Tubular Terrors: ‘The House That Bled to Death’ and ‘Snowbeast’

Reviews / October 27, 2020


The House That Bled to Death
Directed by Tom Clegg 
Hammer Films (1980)

Apologies in advance to any fellow child of the UK who might be reading this, because for a Brit of my generation, choosing The House That Bled to Death as exemplar of British TV horror is a bit like announcing that your favorite novel is Moby Dick or your favorite food is pizza: so annihilatingly obvious that it looks like either laziness or ignorance. But the rest of the world needs to know about semis. No, not those semis.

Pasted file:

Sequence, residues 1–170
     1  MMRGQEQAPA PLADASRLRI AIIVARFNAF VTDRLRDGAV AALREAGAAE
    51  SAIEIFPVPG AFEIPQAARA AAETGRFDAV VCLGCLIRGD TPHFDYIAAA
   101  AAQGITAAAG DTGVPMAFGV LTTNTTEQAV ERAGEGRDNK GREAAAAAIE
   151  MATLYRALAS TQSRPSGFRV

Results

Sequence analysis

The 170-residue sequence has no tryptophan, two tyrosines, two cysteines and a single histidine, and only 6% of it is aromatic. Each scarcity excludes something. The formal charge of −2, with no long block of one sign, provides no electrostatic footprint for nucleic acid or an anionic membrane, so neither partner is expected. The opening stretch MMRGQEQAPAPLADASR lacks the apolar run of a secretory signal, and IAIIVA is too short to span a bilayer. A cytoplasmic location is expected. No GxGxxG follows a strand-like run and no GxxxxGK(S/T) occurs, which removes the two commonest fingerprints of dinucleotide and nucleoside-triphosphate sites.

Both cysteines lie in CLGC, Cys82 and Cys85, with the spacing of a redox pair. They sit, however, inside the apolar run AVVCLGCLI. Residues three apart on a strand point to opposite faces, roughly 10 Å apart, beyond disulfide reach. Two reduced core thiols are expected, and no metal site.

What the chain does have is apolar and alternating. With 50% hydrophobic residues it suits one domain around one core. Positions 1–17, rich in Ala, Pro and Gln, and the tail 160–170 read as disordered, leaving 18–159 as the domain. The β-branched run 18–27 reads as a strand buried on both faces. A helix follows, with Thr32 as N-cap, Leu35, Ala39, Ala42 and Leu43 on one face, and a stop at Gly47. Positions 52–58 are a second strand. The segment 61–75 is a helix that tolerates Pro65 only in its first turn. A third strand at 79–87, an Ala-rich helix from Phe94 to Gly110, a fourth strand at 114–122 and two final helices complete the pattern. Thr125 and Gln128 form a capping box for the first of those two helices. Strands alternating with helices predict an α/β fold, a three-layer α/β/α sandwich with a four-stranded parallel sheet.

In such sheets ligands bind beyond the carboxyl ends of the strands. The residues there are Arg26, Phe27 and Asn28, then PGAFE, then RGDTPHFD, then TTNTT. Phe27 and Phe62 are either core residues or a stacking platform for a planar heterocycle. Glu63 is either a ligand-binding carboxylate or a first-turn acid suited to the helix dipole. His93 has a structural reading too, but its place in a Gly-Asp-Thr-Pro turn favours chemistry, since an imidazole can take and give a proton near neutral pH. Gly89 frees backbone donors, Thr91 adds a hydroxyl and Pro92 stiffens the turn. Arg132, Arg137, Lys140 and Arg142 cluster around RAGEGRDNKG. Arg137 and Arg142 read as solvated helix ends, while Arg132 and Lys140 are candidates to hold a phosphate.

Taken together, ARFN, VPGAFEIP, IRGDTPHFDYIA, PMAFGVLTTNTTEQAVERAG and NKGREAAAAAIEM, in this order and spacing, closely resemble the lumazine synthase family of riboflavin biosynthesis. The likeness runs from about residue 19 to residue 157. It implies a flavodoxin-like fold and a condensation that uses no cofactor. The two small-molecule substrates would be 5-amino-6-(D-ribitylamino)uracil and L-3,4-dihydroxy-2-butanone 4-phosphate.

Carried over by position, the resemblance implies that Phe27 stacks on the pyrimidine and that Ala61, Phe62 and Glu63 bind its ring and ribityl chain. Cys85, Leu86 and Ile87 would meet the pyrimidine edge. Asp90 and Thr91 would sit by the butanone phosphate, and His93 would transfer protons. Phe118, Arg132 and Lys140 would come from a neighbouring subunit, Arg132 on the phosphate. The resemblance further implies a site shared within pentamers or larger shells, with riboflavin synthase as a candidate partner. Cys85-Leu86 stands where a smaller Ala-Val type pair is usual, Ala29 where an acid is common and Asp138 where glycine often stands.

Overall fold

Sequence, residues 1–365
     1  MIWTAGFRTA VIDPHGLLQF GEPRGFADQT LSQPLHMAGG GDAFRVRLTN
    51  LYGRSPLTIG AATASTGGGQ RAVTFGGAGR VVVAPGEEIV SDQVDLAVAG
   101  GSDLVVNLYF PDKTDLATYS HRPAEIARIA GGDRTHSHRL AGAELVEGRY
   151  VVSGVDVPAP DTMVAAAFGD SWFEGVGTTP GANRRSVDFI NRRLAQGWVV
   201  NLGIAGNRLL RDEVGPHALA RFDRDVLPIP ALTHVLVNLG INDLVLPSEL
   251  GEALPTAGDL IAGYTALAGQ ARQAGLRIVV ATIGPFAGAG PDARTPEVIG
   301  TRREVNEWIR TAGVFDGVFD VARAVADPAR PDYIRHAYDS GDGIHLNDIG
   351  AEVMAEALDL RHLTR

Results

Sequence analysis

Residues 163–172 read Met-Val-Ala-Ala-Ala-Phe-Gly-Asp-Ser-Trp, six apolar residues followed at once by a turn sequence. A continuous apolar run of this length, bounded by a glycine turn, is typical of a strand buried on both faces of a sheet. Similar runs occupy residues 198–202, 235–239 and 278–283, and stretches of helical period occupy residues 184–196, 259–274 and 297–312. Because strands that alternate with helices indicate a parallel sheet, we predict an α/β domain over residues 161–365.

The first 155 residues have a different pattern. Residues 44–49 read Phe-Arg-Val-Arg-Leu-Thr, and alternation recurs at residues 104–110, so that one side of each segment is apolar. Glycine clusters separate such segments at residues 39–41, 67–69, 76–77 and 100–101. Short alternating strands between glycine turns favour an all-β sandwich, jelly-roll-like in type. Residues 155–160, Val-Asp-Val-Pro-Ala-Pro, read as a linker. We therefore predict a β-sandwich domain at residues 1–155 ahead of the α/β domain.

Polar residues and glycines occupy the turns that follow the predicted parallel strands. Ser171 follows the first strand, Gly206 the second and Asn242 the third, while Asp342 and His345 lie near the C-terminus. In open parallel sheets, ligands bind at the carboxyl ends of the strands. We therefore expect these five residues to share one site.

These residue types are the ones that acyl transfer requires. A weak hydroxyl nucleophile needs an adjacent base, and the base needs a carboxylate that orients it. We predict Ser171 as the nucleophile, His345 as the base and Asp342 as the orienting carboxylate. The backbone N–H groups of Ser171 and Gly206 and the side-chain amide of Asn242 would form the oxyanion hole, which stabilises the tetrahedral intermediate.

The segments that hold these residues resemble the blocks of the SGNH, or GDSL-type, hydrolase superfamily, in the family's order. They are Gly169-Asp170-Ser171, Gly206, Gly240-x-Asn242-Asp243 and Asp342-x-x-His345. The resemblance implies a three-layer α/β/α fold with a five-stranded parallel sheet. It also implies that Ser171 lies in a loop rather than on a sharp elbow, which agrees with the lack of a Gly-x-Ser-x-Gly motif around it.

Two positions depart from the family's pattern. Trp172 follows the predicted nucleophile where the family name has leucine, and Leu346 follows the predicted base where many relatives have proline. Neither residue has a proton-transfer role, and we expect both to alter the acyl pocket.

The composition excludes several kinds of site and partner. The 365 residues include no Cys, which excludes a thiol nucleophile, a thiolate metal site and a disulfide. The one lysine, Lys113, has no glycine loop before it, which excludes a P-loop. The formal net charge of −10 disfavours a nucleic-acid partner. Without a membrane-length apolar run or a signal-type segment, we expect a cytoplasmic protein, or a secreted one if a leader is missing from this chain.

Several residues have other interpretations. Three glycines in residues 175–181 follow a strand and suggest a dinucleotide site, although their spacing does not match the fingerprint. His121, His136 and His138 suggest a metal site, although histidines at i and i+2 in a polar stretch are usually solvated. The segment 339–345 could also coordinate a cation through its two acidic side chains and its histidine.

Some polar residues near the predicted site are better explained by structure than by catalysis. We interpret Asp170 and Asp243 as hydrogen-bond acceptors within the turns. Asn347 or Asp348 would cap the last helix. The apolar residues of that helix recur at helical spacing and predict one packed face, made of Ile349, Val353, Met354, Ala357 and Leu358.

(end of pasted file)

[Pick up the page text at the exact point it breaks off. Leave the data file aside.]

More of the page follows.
Semi-detached houses—the two-family domestic Rorschach tests that made up almost half of all properties built in the United Kingdom from the end of the war until the mid-1960s—occupy an important if strangely unacknowledged place in the country’s collective psyche. I say strangely unacknowledged because the place is rotten with them. Semis can be working-class, like the majority of British council housing, or very posh, but generally tend towards a square, cozy middle class (British middle-class, i.e. mostly with much less disposable income than their US counterparts) averageness that’s very much of its time and place. In 2018, 60% of the UK’s population lived in one. The British haunted house is usually represented in popular culture by some crumbling mansion or middle-class pile with a turret, but from a statistical standpoint, the sheer number of semis makes them far more likely sites for supernatural manifestation, and a series of poltergeists and serial killers of the post-war period did eventually give the semi claim to the paranormal and unpleasant. There’s something implicitly strange about the structure’s floorplan, something that echoes the organic symmetries of lungs or lobes and evokes doubles and distorted mirror-image versions. Perhaps it’s because it resonates with something deep in the British—or more properly in this case, English—psyche, some feeling of only half-inhabiting reality, of only living half of a life. Yet despite all this, it remains something of a marginal presence in British popular culture, so ubiquitous that it’s invisible. The House that Bled to Death is an exception, a fact that confers upon it an odd power.